I’ve been living and breathing content marketing for large and small brands over the past four years, and in that time, I’ve tried (and failed) a lot. However, failure is key to uncovering what works, as much as what doesn’t work.
If you dedicate your time and effort to taking the right path, you will see a difference. Be aware of the fails in this post, and implement what you learn from each. When you do, you’ll not only grow your audience and your community, but you’ll create fans for life, new customers and a very happy sales team.
5 Content Marketing Fails You Must Avoid
Making Yourself the Hero
We love to talk about ourselves, and brands often fill their content with testimonials, awards, product information and offers. There is a time and place for all of that good stuff, but content marketing is not that spot. Focus your content around the customer. They reap the reward, they save the day. Case studies are a great example of customer-centric content. It’s not about your product, but the problem your customer solved as a result of working with you.
Only Including the Marketing Department in Your Content Marketing Plans
Content marketing is much more than a marketing strategy or a campaign. It is a cultural change that involves everyone in the organization. Everyone must rally behind the idea of content that helps versus sells. Everyone in your company is an expert in what they do. If they all contribute to content marketing, you suddenly have a vast team of experts writing and creating content for you. Content marketing isn’t a strategy; it’s a way of life.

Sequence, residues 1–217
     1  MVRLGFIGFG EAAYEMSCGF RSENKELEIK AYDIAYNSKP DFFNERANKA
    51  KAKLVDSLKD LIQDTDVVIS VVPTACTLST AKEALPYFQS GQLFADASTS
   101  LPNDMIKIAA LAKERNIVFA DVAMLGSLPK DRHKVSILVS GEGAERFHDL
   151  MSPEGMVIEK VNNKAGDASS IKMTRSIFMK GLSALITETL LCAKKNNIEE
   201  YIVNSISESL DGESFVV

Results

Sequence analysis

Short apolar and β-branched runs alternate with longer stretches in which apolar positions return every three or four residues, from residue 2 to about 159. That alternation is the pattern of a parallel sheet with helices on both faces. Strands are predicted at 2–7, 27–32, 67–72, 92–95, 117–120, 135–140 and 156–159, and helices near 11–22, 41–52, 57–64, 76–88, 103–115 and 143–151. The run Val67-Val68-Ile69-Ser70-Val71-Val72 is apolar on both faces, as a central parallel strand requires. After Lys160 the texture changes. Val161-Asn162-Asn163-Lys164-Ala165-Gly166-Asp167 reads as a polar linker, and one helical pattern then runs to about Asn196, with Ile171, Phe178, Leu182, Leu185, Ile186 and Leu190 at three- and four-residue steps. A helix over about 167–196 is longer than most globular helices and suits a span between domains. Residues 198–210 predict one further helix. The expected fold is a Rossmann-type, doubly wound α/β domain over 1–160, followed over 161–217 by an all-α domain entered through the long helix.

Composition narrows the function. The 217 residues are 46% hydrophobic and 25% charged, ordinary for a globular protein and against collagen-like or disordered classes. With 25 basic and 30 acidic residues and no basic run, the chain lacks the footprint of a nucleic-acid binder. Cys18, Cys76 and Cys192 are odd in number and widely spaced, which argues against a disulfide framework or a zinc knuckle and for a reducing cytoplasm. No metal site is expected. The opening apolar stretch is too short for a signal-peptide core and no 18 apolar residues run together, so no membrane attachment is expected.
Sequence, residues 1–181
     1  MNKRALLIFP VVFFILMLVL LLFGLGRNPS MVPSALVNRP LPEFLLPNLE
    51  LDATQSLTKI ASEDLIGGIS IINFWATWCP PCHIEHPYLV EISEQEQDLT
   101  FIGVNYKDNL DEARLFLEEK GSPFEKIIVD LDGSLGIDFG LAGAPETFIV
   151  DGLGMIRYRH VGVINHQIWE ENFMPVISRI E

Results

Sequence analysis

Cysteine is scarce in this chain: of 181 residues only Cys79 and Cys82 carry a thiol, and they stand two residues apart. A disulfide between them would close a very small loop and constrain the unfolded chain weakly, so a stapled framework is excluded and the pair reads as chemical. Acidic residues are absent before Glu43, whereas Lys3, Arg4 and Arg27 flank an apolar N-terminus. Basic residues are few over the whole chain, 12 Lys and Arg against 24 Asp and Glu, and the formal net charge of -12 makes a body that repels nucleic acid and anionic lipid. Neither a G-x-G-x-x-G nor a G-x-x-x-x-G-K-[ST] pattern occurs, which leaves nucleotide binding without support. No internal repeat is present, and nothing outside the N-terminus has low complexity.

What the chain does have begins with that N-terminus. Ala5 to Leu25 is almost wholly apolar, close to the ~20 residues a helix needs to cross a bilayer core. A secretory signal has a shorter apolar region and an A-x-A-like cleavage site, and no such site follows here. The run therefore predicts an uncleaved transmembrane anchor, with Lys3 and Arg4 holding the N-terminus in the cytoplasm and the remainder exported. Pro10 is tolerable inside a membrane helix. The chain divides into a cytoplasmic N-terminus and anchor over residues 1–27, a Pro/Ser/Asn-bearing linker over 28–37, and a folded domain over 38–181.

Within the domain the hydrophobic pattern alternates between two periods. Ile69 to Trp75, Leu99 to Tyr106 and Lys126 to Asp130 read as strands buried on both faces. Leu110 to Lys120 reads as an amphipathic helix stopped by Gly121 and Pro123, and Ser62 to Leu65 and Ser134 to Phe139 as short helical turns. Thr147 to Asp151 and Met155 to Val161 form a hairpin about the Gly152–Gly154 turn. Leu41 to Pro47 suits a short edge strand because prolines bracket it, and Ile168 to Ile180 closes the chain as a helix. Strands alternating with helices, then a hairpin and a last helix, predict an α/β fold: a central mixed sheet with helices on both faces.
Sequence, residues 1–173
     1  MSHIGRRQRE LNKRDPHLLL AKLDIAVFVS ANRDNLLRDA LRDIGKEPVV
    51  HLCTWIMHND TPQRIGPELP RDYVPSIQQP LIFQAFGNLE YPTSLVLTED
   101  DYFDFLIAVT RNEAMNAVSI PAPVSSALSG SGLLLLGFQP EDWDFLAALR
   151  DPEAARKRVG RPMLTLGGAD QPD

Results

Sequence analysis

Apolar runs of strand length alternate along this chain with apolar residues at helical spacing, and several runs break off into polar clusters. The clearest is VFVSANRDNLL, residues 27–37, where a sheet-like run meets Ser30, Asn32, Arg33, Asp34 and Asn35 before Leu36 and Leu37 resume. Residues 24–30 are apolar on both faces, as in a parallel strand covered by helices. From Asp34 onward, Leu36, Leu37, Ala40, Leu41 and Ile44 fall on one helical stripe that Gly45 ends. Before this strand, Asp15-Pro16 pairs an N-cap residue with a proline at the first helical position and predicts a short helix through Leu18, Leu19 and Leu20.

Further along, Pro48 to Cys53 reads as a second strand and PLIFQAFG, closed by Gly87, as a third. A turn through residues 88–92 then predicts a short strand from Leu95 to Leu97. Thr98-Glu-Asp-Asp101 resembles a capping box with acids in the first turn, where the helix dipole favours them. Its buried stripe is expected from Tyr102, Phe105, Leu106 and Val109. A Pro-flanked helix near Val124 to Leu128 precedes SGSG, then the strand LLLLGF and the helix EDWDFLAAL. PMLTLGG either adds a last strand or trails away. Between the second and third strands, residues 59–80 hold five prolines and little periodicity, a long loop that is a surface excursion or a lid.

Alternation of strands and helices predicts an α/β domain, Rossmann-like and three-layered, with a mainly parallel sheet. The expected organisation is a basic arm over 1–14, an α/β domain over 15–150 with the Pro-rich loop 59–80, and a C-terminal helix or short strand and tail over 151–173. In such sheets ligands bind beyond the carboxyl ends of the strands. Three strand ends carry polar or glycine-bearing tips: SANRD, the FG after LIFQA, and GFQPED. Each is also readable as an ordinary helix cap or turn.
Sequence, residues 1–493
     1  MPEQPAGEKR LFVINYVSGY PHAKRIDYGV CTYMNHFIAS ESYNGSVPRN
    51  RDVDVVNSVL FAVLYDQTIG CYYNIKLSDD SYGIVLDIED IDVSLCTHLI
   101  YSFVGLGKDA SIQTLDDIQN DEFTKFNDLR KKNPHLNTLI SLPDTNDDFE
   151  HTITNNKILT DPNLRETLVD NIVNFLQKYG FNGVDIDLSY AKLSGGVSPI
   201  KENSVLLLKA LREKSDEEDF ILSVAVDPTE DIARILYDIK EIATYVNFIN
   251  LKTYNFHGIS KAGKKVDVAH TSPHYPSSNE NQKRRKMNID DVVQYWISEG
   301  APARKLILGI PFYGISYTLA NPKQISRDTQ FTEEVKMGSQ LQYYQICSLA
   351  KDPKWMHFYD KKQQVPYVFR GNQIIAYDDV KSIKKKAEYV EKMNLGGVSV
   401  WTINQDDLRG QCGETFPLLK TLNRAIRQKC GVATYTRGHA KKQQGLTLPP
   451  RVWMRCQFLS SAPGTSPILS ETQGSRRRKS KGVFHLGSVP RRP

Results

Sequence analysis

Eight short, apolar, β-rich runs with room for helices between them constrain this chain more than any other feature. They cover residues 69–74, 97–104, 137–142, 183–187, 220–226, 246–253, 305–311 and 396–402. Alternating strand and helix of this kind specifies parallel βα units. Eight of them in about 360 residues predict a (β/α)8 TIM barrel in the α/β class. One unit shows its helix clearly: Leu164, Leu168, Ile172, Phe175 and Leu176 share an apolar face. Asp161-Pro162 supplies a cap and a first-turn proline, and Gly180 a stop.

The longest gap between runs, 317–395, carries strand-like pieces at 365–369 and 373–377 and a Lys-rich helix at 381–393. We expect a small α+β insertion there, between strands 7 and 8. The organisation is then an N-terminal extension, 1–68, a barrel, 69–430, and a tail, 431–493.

Reinventing the Wheel with Every Piece of Content
Content marketing does not equate to writing brand new content everyday. It’s about creating helpful, relevant content, whether it’s new or existing. Much of your existing, helpful content can be repurposed, so there’s no need to start from scratch. Take a great case study and turn that into a webinar where you interview the customer. Transcribe that webinar, and now you have three blog posts. Curate a bunch of relevant blog posts together into an e-book. The opportunities are endless and it doesn’t require brand new work.
Avoid Taking Risks
Great content marketers take risks. The web is the perfect environment to test and try new things because the response is instant. Either it sinks, or it floats. Failure is non-existent, because the worst that can happen is no one reads your blog posts or shares your tweet. In other words, failure means no one saw it in the first place.
Focusing Only on Text-based Content
We all digest content in different ways. Whether it’s videos, infographics, blog posts or e-books, slice and dice your content into multiple formats that everyone can enjoy. Content marketing is not just a blog or a webinar. It’s any type of content that helps your customer, so put them first and think about how they gather information.
What other content marketing fails have your experienced? Share them in the comments and let’s continue to learn from each other.